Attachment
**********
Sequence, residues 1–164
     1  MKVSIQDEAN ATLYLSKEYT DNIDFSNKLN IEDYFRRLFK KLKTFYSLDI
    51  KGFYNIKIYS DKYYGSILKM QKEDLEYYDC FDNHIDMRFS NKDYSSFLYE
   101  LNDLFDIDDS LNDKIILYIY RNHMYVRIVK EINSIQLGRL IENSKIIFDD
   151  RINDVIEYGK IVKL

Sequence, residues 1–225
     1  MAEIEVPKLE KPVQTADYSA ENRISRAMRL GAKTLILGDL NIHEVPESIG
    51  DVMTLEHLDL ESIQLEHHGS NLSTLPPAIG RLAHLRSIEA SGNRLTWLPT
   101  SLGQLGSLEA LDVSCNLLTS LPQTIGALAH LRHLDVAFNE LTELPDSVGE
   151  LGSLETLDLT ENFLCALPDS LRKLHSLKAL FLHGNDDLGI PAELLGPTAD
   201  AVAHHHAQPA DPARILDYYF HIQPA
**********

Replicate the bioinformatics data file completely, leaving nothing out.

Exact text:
Sequence, residues 1–164
     1  MKVSIQDEAN ATLYLSKEYT DNIDFSNKLN IEDYFRRLFK KLKTFYSLDI
    51  KGFYNIKIYS DKYYGSILKM QKEDLEYYDC FDNHIDMRFS NKDYSSFLYE
   101  LNDLFDIDDS LNDKIILYIY RNHMYVRIVK EINSIQLGRL IENSKIIFDD
   151  RINDVIEYGK IVKL

Sequence, residues 1–225
     1  MAEIEVPKLE KPVQTADYSA ENRISRAMRL GAKTLILGDL NIHEVPESIG
    51  DVMTLEHLDL ESIQLEHHGS NLSTLPPAIG RLAHLRSIEA SGNRLTWLPT
   101  SLGQLGSLEA LDVSCNLLTS LPQTIGALAH LRHLDVAFNE LTELPDSVGE
   151  LGSLETLDLT ENFLCALPDS LRKLHSLKAL FLHGNDDLGI PAELLGPTAD
   201  AVAHHHAQPA DPARILDYYF HIQPA